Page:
Although most employers are embracing the idea of flexible working for their employees (it is 2016 after all), there are still a few who aren’t quite convinced. If it would help you out to be able to work flexibly, it might be in your best interests to try and convince them otherwise.
With so much data on how flexible working has increased productivity, it shouldn’t be hard to put together a flexible working sales pitch to win over your boss. However, it always helps to know what you’re up against. Here are five common misconceptions about flexible working, and how you can tackle them as an employee.
“Flexible working = lounging around at home”
As soon as the words ‘flexible working’ leave your mouth, it’s possible that your boss will become incapable of speech and their eyes will gloss over, as an image of you making casual phone calls at home with a coffee in hand and a cat on your knee springs to mind.
Quash these symptoms by explaining where you’ll be working from and why. Home might work for you, but keep your boss at ease by calmly telling them if you’ll have an office, when you expect to work and if you want to keep the same hours. The more you disclose about what you hope to achieve by not being in the office, the more understanding your boss is likely to be.
“Only a viable option for parents“
Flexible working is a great alternative for parents who are running round after tiny people, yielding toothbrushes and pyjamas in hopes of tackling their children them into a peaceful sleep. They’re able to tailor their work around family life, which is a great way of balancing both aspects of their lives.
But just because flexible working works so well for parents, doesn’t mean it should be exclusive to them. There are plenty of reasons why flexible working can work for anyone, and if your employers only offer it to parents, you need to fight your corner.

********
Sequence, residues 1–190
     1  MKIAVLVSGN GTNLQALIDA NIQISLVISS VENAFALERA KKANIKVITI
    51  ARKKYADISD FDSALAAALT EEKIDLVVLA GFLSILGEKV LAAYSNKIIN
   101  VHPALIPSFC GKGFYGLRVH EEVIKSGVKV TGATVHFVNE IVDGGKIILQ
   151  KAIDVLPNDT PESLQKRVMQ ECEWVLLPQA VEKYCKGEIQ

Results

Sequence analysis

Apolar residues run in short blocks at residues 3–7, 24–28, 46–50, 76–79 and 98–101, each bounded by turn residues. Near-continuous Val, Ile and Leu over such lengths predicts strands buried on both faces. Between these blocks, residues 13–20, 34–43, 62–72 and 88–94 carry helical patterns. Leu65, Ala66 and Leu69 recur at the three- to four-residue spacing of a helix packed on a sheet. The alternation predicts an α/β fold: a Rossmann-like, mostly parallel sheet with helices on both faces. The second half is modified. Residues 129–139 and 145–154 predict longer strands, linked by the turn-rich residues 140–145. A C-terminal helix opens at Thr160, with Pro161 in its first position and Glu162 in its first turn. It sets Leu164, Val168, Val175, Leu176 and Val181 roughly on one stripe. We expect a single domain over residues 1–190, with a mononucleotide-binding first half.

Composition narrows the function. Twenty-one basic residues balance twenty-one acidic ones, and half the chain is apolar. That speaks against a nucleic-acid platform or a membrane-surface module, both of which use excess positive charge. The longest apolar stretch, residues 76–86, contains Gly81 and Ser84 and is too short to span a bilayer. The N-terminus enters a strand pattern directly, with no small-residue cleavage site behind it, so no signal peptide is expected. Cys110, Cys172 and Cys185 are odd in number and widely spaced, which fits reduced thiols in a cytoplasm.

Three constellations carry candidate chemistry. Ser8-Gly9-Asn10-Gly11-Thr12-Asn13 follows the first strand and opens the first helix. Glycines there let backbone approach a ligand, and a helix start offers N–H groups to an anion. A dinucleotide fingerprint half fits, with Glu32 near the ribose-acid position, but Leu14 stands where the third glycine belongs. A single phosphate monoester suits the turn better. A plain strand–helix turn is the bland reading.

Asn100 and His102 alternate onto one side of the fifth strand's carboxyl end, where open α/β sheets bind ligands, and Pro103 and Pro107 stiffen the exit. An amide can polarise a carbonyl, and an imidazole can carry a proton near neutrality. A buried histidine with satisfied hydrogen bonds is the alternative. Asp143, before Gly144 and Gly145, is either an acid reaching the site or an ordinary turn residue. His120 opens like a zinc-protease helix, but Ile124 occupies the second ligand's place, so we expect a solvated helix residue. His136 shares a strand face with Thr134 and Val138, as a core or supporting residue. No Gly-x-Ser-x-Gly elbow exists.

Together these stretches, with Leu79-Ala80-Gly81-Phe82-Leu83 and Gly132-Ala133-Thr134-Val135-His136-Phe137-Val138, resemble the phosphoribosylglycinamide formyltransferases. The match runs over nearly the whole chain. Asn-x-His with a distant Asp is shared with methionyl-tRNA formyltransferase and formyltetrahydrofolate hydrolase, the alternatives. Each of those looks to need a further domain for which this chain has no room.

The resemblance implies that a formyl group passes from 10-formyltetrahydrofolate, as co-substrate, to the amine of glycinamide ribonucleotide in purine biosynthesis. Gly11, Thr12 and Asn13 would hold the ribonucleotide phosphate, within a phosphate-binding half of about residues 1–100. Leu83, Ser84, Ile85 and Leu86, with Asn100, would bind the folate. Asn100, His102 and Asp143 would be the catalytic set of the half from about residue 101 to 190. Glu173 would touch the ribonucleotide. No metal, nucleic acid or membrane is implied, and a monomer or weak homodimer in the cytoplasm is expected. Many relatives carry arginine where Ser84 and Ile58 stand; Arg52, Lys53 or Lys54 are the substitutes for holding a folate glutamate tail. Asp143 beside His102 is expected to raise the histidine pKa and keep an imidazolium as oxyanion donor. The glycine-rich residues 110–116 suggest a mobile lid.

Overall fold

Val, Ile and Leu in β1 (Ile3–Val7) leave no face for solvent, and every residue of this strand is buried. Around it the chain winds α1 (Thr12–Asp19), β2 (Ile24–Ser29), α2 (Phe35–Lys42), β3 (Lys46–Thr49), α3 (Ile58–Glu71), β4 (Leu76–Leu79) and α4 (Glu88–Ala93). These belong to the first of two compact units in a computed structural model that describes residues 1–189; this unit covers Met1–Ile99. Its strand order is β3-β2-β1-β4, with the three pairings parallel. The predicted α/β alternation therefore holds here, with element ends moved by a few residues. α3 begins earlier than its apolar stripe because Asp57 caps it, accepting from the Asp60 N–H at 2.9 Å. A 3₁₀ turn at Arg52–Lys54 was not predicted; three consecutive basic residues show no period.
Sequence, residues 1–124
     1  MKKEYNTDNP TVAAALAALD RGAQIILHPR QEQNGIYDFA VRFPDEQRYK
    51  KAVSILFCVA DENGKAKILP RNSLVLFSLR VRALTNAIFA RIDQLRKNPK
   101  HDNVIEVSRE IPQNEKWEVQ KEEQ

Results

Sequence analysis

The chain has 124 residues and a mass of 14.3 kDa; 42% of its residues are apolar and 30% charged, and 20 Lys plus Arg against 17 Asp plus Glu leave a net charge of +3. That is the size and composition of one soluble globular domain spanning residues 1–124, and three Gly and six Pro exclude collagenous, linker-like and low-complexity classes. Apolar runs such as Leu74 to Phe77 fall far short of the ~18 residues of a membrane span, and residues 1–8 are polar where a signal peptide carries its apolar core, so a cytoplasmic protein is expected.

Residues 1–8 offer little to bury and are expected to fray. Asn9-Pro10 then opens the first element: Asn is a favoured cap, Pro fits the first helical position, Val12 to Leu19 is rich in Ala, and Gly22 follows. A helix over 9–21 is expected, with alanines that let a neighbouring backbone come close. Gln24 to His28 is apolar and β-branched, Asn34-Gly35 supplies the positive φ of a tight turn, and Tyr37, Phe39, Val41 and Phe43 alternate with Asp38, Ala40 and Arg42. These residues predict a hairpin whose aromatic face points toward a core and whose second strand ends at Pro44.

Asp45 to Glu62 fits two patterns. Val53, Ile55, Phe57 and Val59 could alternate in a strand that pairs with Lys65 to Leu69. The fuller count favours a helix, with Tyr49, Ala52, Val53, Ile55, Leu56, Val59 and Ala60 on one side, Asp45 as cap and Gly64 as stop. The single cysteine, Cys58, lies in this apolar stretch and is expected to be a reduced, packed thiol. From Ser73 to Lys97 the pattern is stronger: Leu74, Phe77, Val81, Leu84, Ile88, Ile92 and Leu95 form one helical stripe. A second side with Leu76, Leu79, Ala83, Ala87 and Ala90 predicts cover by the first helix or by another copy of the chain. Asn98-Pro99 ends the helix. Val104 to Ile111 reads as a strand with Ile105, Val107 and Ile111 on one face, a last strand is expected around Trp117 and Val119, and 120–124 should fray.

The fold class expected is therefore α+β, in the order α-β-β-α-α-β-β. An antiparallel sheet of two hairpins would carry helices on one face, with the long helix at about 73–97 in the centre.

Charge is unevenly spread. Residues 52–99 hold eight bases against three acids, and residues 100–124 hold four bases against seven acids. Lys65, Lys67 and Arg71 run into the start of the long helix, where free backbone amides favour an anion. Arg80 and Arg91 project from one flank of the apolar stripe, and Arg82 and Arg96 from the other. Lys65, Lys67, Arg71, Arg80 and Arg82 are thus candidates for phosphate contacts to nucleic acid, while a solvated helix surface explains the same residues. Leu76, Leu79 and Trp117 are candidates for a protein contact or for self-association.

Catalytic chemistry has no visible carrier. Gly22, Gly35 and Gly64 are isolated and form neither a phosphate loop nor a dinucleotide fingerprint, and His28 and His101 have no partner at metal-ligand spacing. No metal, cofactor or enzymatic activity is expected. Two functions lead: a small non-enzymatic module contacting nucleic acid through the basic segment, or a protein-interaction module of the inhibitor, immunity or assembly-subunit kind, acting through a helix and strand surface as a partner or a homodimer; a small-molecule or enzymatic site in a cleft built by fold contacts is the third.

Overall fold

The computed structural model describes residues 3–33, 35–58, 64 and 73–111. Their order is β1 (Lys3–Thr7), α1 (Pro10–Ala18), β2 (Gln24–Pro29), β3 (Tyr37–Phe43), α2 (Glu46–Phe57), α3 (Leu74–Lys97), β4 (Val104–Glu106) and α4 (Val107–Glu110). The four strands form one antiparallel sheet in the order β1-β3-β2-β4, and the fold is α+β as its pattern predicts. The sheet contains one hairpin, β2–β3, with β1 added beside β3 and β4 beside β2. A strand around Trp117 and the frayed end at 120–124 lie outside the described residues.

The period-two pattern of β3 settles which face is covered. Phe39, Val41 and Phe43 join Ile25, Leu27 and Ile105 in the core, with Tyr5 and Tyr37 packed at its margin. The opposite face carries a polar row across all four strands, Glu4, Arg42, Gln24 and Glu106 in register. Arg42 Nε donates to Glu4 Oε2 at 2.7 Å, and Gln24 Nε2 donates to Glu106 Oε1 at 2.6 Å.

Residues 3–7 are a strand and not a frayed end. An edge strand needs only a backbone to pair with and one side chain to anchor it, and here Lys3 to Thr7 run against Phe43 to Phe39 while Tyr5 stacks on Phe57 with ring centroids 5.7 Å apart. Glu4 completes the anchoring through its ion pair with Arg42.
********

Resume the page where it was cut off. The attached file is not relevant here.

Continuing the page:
Until June 2014, only parents had the right to request flexible working. For the last two years that right has been open to everyone, so make sure your employer is aware!
“You’ll do less work”
The general consensus on flexible working is that you’re not going to be working the same hours as your office working colleagues. While the flexible working does mean you have a better work/home balance, it doesn’t necessarily mean you’re working different hours.
More than 50% of UK workers saying they’d work the same hours if they were able to work from home in a report by Powwownow. Rather than being an excuse for making up your own hours, flexible working is about creating a better balance between work and home, as well as being able to avoid everyday stresses, such as the dreaded commute.
Flexible workers are also more likely to be rated on their performance rather than the amount of time they spend at the office, so they often get more work done than their colleagues.
“It’s pretty much a day off”
Employers might worry that you’ll be inclined to consider your flexible working day as a day off. To ensure that this doesn’t happen, encourage employers to check up on you.
They can track your progress at the end of each day by asking you to send over everything you’ve done, or by asking you to complete a daily work blog where you list your completed tasks. If your employer requests this, don’t be offended. You can use this as an opportunity to show them how your productivity has increased with flexible working.
“The employee be lonely and won’t interact with colleagues”
Working at home does mean you can’t enjoy the chit-chat when making a cup of tea, or join in with the good-old office tomfoolery, but that doesn’t mean you’ll lose your social life altogether.
Flexible working doesn’t have to be five days a week, so you can still catch up on all the office drama. As well as this, you also have the opportunity to meet a whole new set of people. Try out a coworking space or a hotdesk if you want to network and meet like-minded people.
Are you guilty of believing the misconceptions of flexible working? Leave your comments in the section below!
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